Ann Dowd won an Emmy in 2017 for her chilling portrayal of the sadistic Aunt Lydia in The Handmaid's Tale. The show is now an international phenomenon, catapulting the Irish American actress from Massachusetts to a new level of fame.
On the same day I talk to Ann Dowd, who plays the fiercely fundamentalist Aunt Lydia on The Handmaid's Tale, the Attorney General of the United States Jeff Sessions announces the creation of a new and very Handmaid's Tale-sounding Religious Liberty Task Force.
Talk about timing. It's the perfect day to talk to Aunt Lydia, then. It's also a reminder why this show has become such an international phenomenon, because it's eerily prescient about our politics, in perfect pitch with our own times.
To some people The Handmaid's Tale still looks like a far fetched feminist parable, but to people who grew up in Ireland in the 1980s (and to many people living though the current Trump administration) it mostly looks like documentary.
First there's the unquestioning deference paid to fundamentalist religious leaders, then there's the fact that everyone who holds significant power in the show is a man, then there's the brutal and unthinking persecution of every minority, and none of that looks like fiction to people who remember those times.
But how do you start to prepare to play a steely tyrant like Aunt Lydia? And how do you find a way to give her humanity, so that she's person instead of a monster?
“It starts with the writing, doesn't it?” Dowd, 62, tells IrishCentral. “First there's the classic novel by Margaret Atwood and then the adaptation. I'm familiar from my Irish American upbringing with prayer so that came naturally, the way its used in the show.”
Dowd was educated in Massachusetts by Irish Catholic nuns, none of whom resembled Lydia in her cruelty or in her narrow and strict beliefs, she says.
“But I did take a few things from a Catholic education, one of which was full on commitment to the task at hand. Their message was you're not special. You have a job like everyone else and you have obligations and when they are fulfilled you can move on to the next thing.”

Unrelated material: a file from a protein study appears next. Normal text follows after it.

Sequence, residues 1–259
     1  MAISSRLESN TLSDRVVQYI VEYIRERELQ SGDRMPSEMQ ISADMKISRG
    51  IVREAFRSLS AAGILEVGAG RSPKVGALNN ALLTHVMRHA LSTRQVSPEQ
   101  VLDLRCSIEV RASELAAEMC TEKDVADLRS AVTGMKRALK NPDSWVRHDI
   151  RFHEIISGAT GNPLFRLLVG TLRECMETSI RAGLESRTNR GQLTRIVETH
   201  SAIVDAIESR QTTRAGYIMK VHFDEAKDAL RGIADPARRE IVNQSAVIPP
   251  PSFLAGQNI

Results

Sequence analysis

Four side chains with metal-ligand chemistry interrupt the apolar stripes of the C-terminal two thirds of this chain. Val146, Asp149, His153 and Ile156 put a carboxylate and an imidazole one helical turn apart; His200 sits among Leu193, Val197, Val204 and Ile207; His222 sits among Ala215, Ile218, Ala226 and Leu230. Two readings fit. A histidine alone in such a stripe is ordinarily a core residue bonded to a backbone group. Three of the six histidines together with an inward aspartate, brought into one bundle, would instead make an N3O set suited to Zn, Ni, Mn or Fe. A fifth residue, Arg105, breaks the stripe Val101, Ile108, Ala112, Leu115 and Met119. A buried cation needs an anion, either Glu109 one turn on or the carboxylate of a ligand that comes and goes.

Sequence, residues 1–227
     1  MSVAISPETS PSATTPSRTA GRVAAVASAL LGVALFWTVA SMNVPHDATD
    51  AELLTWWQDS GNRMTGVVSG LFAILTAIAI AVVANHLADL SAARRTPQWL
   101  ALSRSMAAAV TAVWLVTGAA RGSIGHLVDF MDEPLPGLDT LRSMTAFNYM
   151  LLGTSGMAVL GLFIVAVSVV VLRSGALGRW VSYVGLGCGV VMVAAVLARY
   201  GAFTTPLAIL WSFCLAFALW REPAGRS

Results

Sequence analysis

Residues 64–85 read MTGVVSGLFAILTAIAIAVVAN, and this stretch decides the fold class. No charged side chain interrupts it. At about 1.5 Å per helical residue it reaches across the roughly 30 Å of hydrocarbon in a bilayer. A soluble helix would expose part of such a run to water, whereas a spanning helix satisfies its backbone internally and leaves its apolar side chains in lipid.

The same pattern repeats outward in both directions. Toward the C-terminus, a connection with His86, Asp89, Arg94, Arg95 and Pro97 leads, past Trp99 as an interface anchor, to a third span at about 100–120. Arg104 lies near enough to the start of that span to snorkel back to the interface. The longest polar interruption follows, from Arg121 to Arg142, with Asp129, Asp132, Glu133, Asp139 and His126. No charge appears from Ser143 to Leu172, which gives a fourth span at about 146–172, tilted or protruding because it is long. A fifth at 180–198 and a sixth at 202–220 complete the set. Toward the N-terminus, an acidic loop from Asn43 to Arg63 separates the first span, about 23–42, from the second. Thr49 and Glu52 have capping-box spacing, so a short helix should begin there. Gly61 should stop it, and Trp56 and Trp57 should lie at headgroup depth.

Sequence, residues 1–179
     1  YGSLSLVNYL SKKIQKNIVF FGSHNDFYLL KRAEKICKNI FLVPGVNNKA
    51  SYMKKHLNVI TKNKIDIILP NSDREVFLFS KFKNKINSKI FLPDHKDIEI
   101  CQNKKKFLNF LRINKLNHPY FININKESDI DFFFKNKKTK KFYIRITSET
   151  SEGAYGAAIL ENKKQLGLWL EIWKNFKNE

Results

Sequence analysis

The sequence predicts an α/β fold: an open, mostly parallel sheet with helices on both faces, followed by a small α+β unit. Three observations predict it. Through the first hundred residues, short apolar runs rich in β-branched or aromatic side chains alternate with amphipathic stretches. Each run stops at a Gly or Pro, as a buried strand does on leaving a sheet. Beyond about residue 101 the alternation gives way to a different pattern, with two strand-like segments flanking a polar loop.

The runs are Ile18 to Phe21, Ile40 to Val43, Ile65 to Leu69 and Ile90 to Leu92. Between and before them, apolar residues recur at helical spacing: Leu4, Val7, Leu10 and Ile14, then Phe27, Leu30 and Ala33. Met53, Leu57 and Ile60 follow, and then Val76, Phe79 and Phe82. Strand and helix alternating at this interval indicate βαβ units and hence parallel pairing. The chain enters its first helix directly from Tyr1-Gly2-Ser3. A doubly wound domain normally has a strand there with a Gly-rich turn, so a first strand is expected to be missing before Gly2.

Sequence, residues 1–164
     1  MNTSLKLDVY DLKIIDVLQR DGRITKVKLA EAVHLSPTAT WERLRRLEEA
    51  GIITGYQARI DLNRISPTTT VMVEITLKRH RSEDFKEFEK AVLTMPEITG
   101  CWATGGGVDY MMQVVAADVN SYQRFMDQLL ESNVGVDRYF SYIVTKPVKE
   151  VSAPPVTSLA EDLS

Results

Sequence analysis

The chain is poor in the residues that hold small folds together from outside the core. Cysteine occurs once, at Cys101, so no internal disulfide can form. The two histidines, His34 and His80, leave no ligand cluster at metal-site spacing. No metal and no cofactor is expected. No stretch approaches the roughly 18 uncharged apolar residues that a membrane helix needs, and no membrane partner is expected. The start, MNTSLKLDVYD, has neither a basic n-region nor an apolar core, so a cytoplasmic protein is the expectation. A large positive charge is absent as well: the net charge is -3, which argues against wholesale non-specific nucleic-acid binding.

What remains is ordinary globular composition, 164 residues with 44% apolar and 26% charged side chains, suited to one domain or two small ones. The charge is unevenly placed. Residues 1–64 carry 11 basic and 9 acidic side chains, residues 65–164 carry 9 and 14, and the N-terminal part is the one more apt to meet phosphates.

Dowd says she ended up being grateful for that instruction, although she admits she despised some of the by the book nuns at the time. “The nuns commitment to the task at hand informed my character's commitment to the tasks of the show, whether the handmaid's like it or not. The stakes in our show is significantly higher. Aunt Lydia's belief is that she's doing exactly what is needed for these girls so they achieve some redemption and meaning in their lives. If she doesn't stick to the program she believes these girls haven't got a prayer. And quite honestly, in this world, she's right.”
It was be easy to dismiss Aunt Lydia as a pantomime villain if Dowd was content to portray her as such. Instead though she allows us to glimpse her deep humanity, which makes her religious fundamentalism all the more unsettling.
“That is one of the huge goals I have with the character. If she's just a mean villain who cares? Instead she's a very complicated person. She's disciplined and entirely consumed with her work. I think she was present in the earliest meetings of Gilead (the name given to former United States of America once the Christian theocracy is established) planning and plotting in the church basement.